The Odyssey of Penelope | Teen Ink

The Odyssey of Penelope

August 27, 2011
By Confused_scheherazade ELITE, Brooklyn, New York, New York
Confused_scheherazade ELITE, Brooklyn, New York, New York
132 articles 0 photos 24 comments

Favorite Quote:
I know nothing, but of miracles.

“Of all the names in the world why did I get Penelope?” The thought had crossed the mind of Penelope so many times that she had lost count. But before I go into the revelation of Penelope you must first understand her past, her present, and her future.

Penelope’s mother had given birth to Penelope one night, a few days behind the midwife’s predicted due date. Her mother had struggled through the labor and the longer Penelope stayed in the womb the more it had felt like a punishment from Hades. Eventually the baby had arrived red-faced and not crying. Her mother was paralyzed with fear that she had lost her child and put a hand to the baby’s cheek ready to cry. But then the baby opened her grey eyes focusing on her mother. Her expression was so clear; it almost seemed as if she recognized the woman touching her cheek. Penelope’s mother had said to her daughter many years later that she named her after the lovely and clever wife of Odysseus, much to Penelope’s disbelief.

As the years progressed Penelope had been loved and cared for by her mother, her father having left several years ago. Penelope’s mother was an unusual character in the village with her knowledge of medicine and healing the weak and elderly. Despite the mother’s profession, because of her gender and the fact that her husband left her made her a victim of the local men’s ridicule. The same men also ridiculed Penelope for identical reasons and others. Though Penelope had turned out to be a healthy child it wasn’t until the age of five that she began talking. Penelope had grown up with challenges of learning how to speak and read her own language. She also had difficulties keeping her focus and often day dreamed leading adults to think she was slow. On the contrary, Penelope was an intelligent child who loved listening to her mother’s stories, especially ones about enchanting creatures and faraway lands.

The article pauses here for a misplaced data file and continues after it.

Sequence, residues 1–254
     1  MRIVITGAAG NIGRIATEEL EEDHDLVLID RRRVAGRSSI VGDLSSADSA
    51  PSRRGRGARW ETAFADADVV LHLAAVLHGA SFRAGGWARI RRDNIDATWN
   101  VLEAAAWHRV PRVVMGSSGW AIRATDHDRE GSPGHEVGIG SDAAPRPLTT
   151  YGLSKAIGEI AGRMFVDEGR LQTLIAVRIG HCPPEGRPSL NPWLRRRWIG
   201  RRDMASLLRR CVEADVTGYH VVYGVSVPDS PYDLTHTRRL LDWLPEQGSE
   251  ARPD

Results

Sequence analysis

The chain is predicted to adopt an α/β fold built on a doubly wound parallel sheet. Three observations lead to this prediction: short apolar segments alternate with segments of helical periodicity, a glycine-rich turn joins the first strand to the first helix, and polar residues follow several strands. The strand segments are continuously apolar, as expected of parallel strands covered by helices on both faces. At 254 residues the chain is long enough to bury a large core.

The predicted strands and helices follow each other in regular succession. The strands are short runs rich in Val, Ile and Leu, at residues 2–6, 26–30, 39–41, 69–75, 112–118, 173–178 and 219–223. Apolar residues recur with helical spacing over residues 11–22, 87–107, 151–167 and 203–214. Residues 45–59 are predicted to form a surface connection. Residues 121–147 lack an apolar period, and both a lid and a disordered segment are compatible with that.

One day when she was twelve years old she was walking through the marketplace when an old woman behind a stall beckoned to her. The old woman was covered with old, yet still in good condition, clothing whose colors had faded with the washings of many years. The woman’s face had as much wrinkles on her face as the lines on a map, yet her eyes were timed with ageless wisdom and secrets of wild and fabulous stories. The woman’s stall was stacked with books, old and new, that looked inappropriate on the wooden table that looked ready to collapse. The books looked as though they had belonged to the greatest philosophers, maybe even to the Gods. Even to a person like Penelope who had always been plagued with confusion, the books were simply ambrosial.

She sighed knowing that they were filled with tales and skills she would never get to appreciate with her average reading skills. She exhaled heavily with regret and was about to turn away when the old woman touched her arm. She handed a simple green book to Penelope her grey eyes gleaming with something Penelope couldn’t place.

As Penelope was about to say no the old woman said,
“Every great hero began with a single step.” Even though Penelope didn’t fully understand, the look in the woman’s eyes told her it was important, so Penelope nodded and took the book. It wasn’t until later that Penelope realized that the expression in the woman’s eyes was that of analyzing Penelope and liking what she saw.